Type 2 Diabetic (T2D) men are three times more likely to suffer from erectile dysfunction than men without diabetes. Erectile dysfunction is often seen associated with low testosterone (Hypogonadism). Hypogonadism is defined as having low testosterone levels along with sexual symptoms. As a physician who treats erectile dysfunction (ED), I have seen more and more diabetics come in for this exact issue.
Itís known that Testosterone replacement (TRT) can significantly improve sexual function in men without diabetes. Diabetic men had previously shown some improvements in sexual desire, but poor improvement in erectile function. A recent study in the Journal Andrology looked at the effect of TRT on sexual desire and erectile function in men with mild and severe hypogonadism. It also looked at duration of treatment and benefits of TRT at 6, 18, and 30 weeks for comparison.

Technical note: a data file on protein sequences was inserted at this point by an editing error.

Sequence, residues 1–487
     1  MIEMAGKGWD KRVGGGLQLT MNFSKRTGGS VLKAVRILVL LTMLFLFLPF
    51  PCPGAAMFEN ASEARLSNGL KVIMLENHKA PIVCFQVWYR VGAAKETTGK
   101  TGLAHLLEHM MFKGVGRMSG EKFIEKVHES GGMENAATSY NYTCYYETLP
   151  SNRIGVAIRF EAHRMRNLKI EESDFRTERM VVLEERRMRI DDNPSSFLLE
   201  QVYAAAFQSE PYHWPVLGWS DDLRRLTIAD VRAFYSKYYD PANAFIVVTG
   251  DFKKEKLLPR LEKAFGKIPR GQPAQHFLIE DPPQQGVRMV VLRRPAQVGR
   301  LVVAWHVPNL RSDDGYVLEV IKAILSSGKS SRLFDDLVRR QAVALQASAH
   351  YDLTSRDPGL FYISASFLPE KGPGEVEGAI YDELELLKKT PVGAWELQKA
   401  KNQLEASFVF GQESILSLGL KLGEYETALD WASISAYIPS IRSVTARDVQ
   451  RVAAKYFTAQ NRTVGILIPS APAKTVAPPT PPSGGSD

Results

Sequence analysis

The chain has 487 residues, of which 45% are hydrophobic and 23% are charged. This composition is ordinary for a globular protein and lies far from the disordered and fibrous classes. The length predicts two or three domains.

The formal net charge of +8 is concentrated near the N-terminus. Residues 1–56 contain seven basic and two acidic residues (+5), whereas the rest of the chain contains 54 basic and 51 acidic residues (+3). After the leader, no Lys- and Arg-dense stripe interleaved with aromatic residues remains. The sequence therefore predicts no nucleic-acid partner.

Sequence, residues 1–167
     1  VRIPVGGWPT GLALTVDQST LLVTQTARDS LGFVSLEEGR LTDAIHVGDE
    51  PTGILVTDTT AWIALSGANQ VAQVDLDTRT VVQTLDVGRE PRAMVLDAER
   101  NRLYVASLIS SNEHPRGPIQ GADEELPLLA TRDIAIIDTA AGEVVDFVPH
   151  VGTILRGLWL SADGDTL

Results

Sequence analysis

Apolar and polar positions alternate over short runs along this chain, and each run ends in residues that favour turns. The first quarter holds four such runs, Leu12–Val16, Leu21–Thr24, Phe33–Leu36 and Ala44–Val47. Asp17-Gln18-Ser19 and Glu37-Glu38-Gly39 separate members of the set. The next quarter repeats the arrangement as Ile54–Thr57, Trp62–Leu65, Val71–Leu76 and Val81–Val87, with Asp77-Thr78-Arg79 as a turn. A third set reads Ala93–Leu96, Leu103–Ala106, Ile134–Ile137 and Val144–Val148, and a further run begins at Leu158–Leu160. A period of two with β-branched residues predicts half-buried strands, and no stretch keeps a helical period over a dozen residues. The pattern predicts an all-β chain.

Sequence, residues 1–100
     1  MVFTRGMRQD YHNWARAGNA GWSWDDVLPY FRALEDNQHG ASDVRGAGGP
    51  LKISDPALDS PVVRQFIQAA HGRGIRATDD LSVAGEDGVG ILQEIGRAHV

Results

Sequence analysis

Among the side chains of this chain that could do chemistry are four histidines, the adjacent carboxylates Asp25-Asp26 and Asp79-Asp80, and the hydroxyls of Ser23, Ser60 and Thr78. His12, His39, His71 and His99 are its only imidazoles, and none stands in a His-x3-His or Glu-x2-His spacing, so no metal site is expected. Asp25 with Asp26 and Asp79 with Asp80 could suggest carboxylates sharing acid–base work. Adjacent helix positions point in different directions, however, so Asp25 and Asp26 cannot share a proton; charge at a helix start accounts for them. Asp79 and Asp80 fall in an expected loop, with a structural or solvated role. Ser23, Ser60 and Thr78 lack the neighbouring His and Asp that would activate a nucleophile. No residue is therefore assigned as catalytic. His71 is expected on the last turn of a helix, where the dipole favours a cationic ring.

Results showed that in T2D men with mild hypogonadism, 36-39.6% had improvement in sexual desire at 6-30 weeks. Improvement in sexual function was also 40-39.6% at 6-30 weeks. The interesting thing was that T2D men with the lowest initial testosterone levels showed the greatest response to TRT. Improvement in sexual desire increased to 60% at 6 weeks and 74% at 30 weeks. Erectile function improved to 36.7% at 6 weeks and increased to 63% at 30 weeks.
This study showed that improvements in erectile function may take longer than we previously considered. Prior to this I used to tell my patients that based on my clinical experience, erectile function could take up to 6 months to improve. Now I know that itís closer to 8 months of therapy before TRT can demonstrate a benefit at the tissue level for most patients. Improvements in erectile function takes longer because the changes that testosterone must provide have to occur at the tissue level. This is essential information to know in that most men may become frustrated and quit therapy before TRT has a chance to improve erectile function. The more we know, the better we can treat our patients.